Table 2 below demonstrates that although hit rates / data quantity may be very similar between CRAs, it does not mean that the same accounts have data hits. CRA1 had 4.44% of the judgements compared to 3.96% for CRA2. Table 2 shows that of the 444 accounts with a judgement record on CRA1 only 252 (63.64%) of them also had a judgement on CRA2. These comparisons are extremely important for the determination of a bureau strategy, i.e. single or dual calls to the CRAs as well as the risks associated with only using one CRA.

Table 2
CRA1 (Horizontal) vs. CRA2 (Vertical)
Figure 2

Predictive Value of the Data

It is important to investigate the value of CRA data in the light of assessing good and bad credit risk. An example to consider might be if a customer has a judgement against his name. The value of this reference is indicated in the tendency of the customer to be a good or a bad credit risk with your portfolio. Certainly, there are customers who have a judgement and are not bad. Thus, the question to ask is: “How effective is this information in discriminating between good and bad?”

ScoreSharp measures the predictability of bureau criteria using a formula that is based on the good / bad odds and the percentage of the population to which the information applies. This measure is referred to as the criterion strength. Strengths of 0 indicate that a criterion has no predictive strength, whereas strengths of 100+ would be predictive information. The formulas for assessing the attribute and criterion strength are given below:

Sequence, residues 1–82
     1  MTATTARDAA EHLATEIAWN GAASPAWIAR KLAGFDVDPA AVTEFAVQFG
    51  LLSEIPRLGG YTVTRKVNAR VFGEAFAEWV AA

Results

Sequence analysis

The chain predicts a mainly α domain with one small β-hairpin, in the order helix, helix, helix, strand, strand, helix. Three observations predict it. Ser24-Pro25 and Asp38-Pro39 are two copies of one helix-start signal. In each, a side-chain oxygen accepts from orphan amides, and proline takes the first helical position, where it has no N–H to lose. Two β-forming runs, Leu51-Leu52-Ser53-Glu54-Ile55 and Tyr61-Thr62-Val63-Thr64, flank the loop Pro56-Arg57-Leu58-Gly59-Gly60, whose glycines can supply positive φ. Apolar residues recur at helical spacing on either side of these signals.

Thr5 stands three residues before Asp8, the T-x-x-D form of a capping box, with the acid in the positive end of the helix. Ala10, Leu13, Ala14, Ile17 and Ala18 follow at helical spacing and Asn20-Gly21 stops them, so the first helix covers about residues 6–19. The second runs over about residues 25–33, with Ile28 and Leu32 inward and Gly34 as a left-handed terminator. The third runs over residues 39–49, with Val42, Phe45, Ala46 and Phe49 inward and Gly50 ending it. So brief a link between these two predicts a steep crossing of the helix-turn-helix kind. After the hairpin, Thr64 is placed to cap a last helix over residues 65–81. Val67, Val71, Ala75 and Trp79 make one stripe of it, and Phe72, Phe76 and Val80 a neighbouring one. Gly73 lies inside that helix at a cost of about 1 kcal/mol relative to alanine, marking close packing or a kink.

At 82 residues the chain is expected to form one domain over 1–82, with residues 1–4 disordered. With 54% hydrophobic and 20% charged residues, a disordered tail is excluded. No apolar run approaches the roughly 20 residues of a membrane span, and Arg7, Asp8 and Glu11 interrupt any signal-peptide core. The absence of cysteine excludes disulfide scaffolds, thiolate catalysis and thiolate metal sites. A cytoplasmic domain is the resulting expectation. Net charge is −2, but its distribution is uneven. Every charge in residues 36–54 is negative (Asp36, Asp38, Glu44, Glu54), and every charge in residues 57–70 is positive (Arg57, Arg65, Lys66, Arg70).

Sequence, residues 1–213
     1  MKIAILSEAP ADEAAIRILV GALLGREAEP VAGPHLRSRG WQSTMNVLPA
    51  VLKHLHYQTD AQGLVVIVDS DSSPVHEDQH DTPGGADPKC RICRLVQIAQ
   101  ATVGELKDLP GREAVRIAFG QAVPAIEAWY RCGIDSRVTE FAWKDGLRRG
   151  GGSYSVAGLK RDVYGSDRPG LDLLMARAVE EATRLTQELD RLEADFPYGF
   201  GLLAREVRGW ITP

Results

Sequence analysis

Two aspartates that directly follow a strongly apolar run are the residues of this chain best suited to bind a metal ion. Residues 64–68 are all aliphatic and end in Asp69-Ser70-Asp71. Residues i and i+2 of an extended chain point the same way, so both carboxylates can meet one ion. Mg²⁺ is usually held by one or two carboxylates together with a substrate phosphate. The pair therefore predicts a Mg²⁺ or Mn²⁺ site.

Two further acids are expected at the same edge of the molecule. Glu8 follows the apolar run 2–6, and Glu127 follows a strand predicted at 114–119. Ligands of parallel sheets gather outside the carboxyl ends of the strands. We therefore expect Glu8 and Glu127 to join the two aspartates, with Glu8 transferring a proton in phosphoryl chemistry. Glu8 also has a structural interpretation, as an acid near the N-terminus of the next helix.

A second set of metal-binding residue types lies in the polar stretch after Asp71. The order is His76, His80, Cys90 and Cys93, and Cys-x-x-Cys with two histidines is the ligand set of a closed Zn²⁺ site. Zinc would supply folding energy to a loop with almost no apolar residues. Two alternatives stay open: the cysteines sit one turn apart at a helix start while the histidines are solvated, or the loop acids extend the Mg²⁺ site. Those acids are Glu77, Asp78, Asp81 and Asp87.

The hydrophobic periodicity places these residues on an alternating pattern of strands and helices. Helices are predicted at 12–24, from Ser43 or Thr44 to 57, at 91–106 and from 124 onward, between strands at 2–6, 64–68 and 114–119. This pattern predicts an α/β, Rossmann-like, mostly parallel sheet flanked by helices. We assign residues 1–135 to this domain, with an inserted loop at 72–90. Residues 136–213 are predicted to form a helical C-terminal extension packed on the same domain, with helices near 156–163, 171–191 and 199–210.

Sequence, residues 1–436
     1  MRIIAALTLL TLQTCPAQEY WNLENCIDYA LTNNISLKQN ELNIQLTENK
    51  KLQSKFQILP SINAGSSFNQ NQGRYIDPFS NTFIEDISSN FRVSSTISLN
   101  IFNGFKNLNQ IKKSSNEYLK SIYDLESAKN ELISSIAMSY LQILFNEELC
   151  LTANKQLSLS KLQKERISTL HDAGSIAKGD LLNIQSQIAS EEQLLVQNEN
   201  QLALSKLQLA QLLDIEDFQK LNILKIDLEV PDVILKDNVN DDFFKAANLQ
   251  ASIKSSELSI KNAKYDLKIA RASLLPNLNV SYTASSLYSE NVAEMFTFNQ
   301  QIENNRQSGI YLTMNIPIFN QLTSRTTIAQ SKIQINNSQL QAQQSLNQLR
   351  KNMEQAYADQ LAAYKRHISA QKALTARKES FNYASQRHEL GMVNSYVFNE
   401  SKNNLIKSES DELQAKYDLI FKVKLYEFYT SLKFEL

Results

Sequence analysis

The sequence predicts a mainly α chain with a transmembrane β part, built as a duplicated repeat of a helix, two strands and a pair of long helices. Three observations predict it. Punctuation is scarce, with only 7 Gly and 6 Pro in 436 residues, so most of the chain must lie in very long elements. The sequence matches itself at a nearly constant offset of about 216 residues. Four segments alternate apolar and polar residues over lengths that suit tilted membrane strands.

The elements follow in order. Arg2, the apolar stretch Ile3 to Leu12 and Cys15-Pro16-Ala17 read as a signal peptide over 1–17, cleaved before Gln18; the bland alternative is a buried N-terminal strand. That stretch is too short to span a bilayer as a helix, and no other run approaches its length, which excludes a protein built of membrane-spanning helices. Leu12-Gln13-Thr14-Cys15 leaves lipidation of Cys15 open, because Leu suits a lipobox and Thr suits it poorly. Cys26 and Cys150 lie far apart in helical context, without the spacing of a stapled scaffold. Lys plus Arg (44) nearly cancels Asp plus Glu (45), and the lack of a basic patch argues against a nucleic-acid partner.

Figure 3

Some examples of criterion strengths are given in Table 3.

Table 3
Criterion strengths of some bureau characteristics

Table 3To summarise, this table indicates that there are obviously considerable differences in the value of information supplied by the CRAs. This demonstrates the value and necessity of separate scoring models developed specifically to assess risk using a particular CRA’s data. This comparison will also assist in determining which CRAs’ data is more relevant, i.e. more predictive on your portfolio for assessing risk.

Comparing the CRA Scores

CRA Scores analyse the consumer credit bureau file information and produces a numeric score that is indicative of the risk associated with extending credit to an individual consumer. The CRA Scores are available online as a component of a credit report, or in batch for account management or pre-screen applications.

The most effective way of comparing the predictability of CRA Scores against each other is through the comparison of their respective Gini Coefficients. The Gini Coefficient is a measure of a scorecard’s ability to separate good accounts from bad accounts. The Gini Coefficient is a number between 0 and 100, where 0 means no ability to separate between good and bad accounts. The higher the Gini Coefficient the greater the ability of the CRA Score to separate between good and bad accounts. From Figure 5 it can be seen that at 50% of the Goods and 26.4% of the Bads will be accepted if CRA1 is used compared to 30% if CRA2 is used. CRA1 thus has a more predictive score for your portfolio.

Figure 2
Gini Coefficient Comparison

Demo Behavioural Workshop v1.0.doc

Other Considerations

When comparing CRAs the following should also be taken into consideration when deciding on which CRA to use predominantly:

  • Service Levels and Service Level Agreements
  • Price charged per enquiry
  • Speed of response
  • Values added services and products provided

Should you require any further information please do not hesitate to contact ScoreSharp to assist you in determining the most effective means of carrying out a CRA comparison: scoresharp@compuscan.co.za